Save The Green Planet DVD Review
PictureThis transfer is a superb one, boasting an extremely colourful noise free print. It's actually a little tricky to comment on the picture as the cinematographer uses so many different styles of shooting and post production fiddling to change the look of the movie, not just from scene to scene, but from moment to moment. The story is muddled and jumps around a lot, and so does the imagery (in an Oliver Stone stylee eg. Natural Born Killers and U-turn). In some scenes the picture is soft but I'll give it the benefit of doubt that it was deliberate. Skin tones seem correct in exterior shots as do the greens and blues, with the Korean countryside and skyline being shown off beautifully, but anything goes when inside. There's so little continuity of lighting and film stock that you don't know where you stand. But it all looks good. Blacks are deep throughout, and there's good shadow detail. It's a very fine picture.
SoundLoud and and proud, the soundtrack is a winner. The Dolby Digital 5.1 track and the DTS are both dynamic and exciting. You won't be disappointed with either. The soundstage has plenty of depth with panning used to great effect, and has fantastic separation. Subtle noises like the fizz of alka selzer in a glass, dripping water and even the smack of a person's lips are exceptionally well implemented. Very atmospheric. All the channels are used throughout, not just the centre channel, and the woofer really erupts into life during action scenes. The music is punchy but never swamps the dialogue or effects. The main character (and the director methinks) has an obsession with the song 'Over the Rainbow', with several versions being played constantly throughout, beginning with a rock version over the opening titles. You'll either be whistling it for days afterwards, or you'll be breaking windows and setting fire to your teeth trying to get it out of your head. You have been warned!
ExtrasThe first disc has the theatrical trailer and a commentary with director Jun-Hwan and lead actor Ha-Kyun. They chatter away in Korean and it's subtitled in English. The commentary is good fun and easy to follow, and illuminates parts of the film that were difficult to understand, particularly regarding cutural issues and their translation.
The second disc is devoted entirely to extras. It has a substantial eight part 'behind the scenes' documentary that is also entertaining. The people involved aren't too sycophantic and give a good account of their involvement. It covers everything from the conception of the first idea to the final post production tasks. Practically everything involved is covered. It clocks in at one hour and forty minutes so you certainly have plenty to watch. Interestingly, the director Jeong Jun-Hwan mentions that he was a big fan of Misery and that he wanted to make a film that would show the Kathy Bates character's view of events, and you can see parallels in the film throughout. There's about an hour's worth of interviews on the disc. The first one with the director is amusing and informal as he wanders around his house talking about props and knick-knacks that he pinched from the set. This was his first feature film and he's quite gleeful regarding it. The other interviews don't bore either, and are well illustrated with clips from the film. The actors get their say, and one of them, Shin Ha-kyun, answers videotaped questions from his fan club. Other Korean directors' are interviewed at the film's premiere and give their opinions, and the interview segment ends with Jun-Hwan talking about another film he made, 2001 Imagine, which is another movie about a deluded protagonist (this time a Korean who thinks he's John Lennon!)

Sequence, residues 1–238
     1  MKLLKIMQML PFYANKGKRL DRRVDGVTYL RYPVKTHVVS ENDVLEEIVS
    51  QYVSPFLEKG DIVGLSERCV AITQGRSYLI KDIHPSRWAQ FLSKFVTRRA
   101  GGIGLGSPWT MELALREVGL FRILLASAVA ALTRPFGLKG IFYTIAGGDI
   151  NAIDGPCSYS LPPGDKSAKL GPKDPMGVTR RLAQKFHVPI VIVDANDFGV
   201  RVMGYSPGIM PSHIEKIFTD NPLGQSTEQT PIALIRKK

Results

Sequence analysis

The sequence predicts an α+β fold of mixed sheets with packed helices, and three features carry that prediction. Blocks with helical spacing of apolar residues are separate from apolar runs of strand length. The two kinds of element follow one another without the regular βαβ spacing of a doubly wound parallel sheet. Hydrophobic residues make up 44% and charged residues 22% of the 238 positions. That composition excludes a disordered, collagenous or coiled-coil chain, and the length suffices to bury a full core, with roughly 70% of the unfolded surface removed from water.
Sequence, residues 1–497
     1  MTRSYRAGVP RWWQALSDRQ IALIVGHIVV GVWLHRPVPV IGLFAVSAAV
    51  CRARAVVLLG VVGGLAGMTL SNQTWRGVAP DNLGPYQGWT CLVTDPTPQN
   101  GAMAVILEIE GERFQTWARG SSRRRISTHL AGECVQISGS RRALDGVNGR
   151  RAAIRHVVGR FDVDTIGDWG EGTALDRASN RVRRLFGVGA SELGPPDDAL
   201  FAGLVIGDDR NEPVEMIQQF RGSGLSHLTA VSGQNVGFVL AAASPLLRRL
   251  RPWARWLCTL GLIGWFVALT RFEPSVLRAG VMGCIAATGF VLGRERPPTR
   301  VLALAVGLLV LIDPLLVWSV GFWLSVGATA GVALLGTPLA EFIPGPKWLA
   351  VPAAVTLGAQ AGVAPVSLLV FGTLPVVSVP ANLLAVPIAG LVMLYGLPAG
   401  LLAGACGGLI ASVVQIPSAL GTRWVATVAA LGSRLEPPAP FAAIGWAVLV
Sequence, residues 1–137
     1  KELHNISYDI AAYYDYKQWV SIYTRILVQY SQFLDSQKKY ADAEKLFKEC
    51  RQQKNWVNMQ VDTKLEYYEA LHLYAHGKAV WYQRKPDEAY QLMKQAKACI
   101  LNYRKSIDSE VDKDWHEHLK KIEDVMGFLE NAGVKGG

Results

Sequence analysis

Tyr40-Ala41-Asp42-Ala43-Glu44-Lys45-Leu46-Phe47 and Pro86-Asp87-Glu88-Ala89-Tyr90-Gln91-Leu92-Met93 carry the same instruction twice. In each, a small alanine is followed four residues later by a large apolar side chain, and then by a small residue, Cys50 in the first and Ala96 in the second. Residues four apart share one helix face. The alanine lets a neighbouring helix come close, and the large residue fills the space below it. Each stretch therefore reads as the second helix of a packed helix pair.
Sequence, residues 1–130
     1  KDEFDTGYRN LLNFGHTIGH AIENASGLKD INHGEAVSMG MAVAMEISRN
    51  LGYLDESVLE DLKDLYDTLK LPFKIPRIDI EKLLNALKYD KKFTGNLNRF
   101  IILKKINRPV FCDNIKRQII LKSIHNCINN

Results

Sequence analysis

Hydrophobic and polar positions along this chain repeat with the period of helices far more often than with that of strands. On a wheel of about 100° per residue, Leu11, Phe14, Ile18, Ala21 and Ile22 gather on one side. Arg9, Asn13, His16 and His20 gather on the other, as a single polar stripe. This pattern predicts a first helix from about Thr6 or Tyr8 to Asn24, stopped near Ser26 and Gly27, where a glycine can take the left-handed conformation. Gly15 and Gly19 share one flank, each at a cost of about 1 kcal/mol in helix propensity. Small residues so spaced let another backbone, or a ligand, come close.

A short film by the director called The Lazy Mirror is also included as an extra on this disc, and it's a stop motion picture about a dancing wire doll. Maybe some people will go ga-ga over it (hey, it's ART!) but I thought it was garbage. On the basis of it, I wouldn't even have hired him to film a school play, but someone obviously showed faith in him! And from small acorns grow tall oak trees and all that. A selection of deleted scenes follow and have an introduction by the director which elucidates the reasons for their removal. None stand out but they make good viewing. The studio certainly didn't skimp on the extras so it gets a definite two thumbs up here.
VerdictIt's an entertaining film from an imaginative director with a lot going for it, only let down by it's muddled storytelling, oh, and a sense of deja vu - it's all familiar (asian cinema) territory. It's got a first rate transfer and the second disc has plenty of good extras so it gets a higher mark for that reason. Fans of quirky asian films will lap it up.
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